For more than two years the attacks came like clockwork. As soon as the military secured and workers repaired the pipelines from Iraq’s northern oil fields, just when the valves were about to open, insurgents would strike.
But roughly three weeks ago they suddenly stopped, letting crude oil flow freely from Iraq’s vast reserves near Kirkuk.
Perhaps insurgents feared reprisals in Salahuddin province, where pipelines from Kirkuk flow to the country’s largest refinery in Beiji. Maybe terror leader Abu Musab al-Zarqawi’s death disrupted a chain of command that ordered the attacks, military officials said.
Whatever the cause, the U.S. forces welcome the change, even if history since the U.S.-led invasion in 2003 has shown the free flow of oil in Iraq is only temporary at best.
“I just hope that it lasts long enough where people start realizing ‘Damn, we’re making money. We could be rich like Kuwaitis,” said Army Lt. Col. Craig Collier, deputy commander of the 3rd Brigade, 101st Airborne Division. “But what is really going on? We don’t know.”
Moving 2.5 million barrels a day
In the past three weeks, Iraq has exported 6.2 million barrels of crude oil to Turkey from its northern fields. Total exports from Iraq in that period, including the oil fields in the south, have increased to 2.5 million barrels per day, the highest level since the invasion, the Oil Ministry reported.
With a going market price of $60 a barrel in Turkey, military officials believe exports so far equate to about $372 million since oil began flowing from the north. Oil is the biggest source of income for the Iraqi government, which is struggling to curb violence and restore the supply of electricity and water.
Iraq, a founding member of the Organization of Petroleum Exporting Countries, sits atop the world’s third-highest proven reserves. With an estimated 115 billion barrels, exceeded in OPEC only by Saudi Arabia and Iran, the Bush administration predicted three years ago that Iraq would finance its own reconstruction.
But Iraq’s oil production slipped after the invasion, stuck below even the reduced levels that prevailed in the 1990s, when the country was under tough U.N. sanctions.
The 3rd Brigade, nicknamed the “Rakkasans,” has studied the intricate web of oil corruption near the refinery in Beiji as part of a renewed effort to restore the oil industry.
Targeting the smugglers
Working with other coalition and Iraqi soldiers, they targeted oil smugglers, who they believe are behind many of the attacks on the fuel export lines. The black market truckers buy gasoline or diesel at Iraq’s government-subsidized prices and drive to Turkey to sell it for 10 times the amount, so official exports compete and cut into their profits.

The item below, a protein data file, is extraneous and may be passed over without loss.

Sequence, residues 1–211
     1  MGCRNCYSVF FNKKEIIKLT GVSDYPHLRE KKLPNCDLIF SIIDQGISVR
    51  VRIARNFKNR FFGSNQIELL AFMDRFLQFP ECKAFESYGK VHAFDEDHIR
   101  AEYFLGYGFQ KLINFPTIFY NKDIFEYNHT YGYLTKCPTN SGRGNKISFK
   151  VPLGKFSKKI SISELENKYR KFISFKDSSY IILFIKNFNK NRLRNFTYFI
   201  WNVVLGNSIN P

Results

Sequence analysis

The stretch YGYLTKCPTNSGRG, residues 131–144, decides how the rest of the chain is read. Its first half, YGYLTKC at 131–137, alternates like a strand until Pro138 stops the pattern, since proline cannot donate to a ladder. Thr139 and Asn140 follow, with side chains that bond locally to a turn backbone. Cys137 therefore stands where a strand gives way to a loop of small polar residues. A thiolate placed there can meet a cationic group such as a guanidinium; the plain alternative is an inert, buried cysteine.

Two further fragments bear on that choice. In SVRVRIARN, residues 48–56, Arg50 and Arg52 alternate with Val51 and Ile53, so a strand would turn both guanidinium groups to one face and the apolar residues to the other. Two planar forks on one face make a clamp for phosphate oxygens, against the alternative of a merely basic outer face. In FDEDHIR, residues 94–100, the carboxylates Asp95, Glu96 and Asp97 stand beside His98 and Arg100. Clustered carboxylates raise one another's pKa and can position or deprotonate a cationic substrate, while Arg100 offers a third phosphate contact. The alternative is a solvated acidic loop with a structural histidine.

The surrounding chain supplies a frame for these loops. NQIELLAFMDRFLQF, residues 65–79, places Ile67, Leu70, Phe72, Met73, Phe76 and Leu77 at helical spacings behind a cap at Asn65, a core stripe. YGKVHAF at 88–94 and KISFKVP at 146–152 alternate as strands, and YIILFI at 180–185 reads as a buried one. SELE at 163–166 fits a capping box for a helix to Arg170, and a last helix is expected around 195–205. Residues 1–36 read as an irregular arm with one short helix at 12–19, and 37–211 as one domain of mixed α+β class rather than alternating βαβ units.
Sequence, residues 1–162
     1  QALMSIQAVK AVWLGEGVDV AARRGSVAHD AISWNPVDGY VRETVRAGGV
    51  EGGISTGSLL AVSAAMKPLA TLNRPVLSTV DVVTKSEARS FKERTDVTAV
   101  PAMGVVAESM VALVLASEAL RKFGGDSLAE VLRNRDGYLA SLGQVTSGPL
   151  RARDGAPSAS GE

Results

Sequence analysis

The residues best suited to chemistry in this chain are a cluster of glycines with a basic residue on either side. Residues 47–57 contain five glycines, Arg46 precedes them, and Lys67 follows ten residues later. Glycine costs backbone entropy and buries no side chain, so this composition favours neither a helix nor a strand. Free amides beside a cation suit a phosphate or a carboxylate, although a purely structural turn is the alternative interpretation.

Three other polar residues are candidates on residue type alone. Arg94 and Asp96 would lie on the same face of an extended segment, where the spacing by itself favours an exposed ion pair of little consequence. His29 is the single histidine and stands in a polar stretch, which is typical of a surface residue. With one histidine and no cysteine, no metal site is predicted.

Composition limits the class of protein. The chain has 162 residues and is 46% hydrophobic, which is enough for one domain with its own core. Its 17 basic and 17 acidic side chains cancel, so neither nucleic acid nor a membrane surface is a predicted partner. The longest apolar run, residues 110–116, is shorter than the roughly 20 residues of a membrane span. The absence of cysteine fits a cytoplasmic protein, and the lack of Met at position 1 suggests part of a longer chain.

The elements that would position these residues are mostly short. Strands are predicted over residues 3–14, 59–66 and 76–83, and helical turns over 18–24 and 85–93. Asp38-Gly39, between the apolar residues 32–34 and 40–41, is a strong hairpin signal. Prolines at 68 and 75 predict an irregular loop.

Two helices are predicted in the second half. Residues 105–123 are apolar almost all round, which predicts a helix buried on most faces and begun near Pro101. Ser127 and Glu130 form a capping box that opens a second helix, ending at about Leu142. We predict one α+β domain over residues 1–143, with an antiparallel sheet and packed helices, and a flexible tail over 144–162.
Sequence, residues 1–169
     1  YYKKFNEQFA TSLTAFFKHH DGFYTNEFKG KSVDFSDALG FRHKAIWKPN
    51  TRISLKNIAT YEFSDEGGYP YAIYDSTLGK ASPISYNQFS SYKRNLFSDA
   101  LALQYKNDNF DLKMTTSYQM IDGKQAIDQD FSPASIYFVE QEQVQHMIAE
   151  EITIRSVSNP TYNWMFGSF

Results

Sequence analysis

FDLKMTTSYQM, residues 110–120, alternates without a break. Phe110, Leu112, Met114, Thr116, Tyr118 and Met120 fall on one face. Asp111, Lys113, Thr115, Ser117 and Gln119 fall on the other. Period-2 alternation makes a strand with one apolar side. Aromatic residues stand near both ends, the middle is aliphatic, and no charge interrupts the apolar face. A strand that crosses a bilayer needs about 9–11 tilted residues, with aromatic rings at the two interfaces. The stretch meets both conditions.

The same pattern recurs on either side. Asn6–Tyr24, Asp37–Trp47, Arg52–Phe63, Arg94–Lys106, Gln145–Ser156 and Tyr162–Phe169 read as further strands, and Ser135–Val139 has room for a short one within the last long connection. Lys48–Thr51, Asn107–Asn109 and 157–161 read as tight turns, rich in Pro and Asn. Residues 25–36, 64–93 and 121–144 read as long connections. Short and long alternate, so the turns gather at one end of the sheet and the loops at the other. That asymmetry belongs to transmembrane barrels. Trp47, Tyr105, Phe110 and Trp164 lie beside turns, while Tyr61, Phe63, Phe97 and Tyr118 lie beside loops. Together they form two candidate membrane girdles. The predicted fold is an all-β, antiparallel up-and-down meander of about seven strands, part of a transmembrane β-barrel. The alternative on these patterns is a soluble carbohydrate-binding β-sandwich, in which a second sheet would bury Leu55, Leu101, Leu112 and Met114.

Despite scores of arrests, the attacks still came — always as the oil storage reservoirs near Tikrit neared capacity at 1.5 million barrels. The timing was so perfect that the military suspected an insider at the refinery in Beiji or the oil fields directed the strikes.
Ties to the insurgency also were suspected.
Iraq has the capacity to ship 500,000 barrels a day from its northern oil fields to the refinery, so disabling the pipeline with bullets or bombs makes a major dent in revenue to the cash-starved government. Insurgents also could be profiting directly with a share of black market revenue, military officials said.
When pipelines are down, excess oil is shipped from Kirkuk to the refinery in Beiji — oil that would normally be exported. It is routed back to the refinery to keep workers employed and gasoline available. The refinery and its neighboring power plant, which supplies electricity as far as Baghdad, are the largest industries in northern Iraq.
Profiteers: How high up the food chain?
The back flow of oil to Beiji also increases the opportunity for criminals to divert oil for the black market, said Capt. Adam Lackey of Trafalgar, Ind., a commander in the 187th Infantry Regiment.
And there’s no telling how high in government those who profit sit, he said.
“The web goes all the way to Baghdad and back, when we’re talking about who takes money and who benefits,” said Lackey, who works with city officials in Beiji and Siniyah, both near the refinery, to help secure the oil infrastructure.
Whether the break in attacks is a sign of progress or only periodic calm, oil is flowing fast.
This week, oil minister Assem Jihad said 1.6 million barrels per day was being exported from the southern port of Basra while Iraq’s North Oil Company was pumping 300,000 barrels per day from Kirkuk to the Turkish port of Ceyhan.
“With the new plans adopted by the ministry, we hope to add 200,000 to 300,000 barrels per day before the end of this year,” Jihad told the Associated Press on Wednesday.
It’s a nervous moment for Iraqi and U.S. officials, both of whom realize that the eventual departure of U.S. soldiers hinges on economic recovery and improved security.
Collier, who will soon return to the United States when another military unit takes control of northern Iraq, said he hopes the flow will continue. But he’s hesitant.
Whether the attacks have stopped due to increased security measures, higher expectations among Iraqis, or a combination of factors, he can’t tell.
“It’s like you’re in a fun house of mirrors and you’re playing chess,” Collier said. “You may be making absolutely the right move. You may be doing something really stupid. You just don’t know.”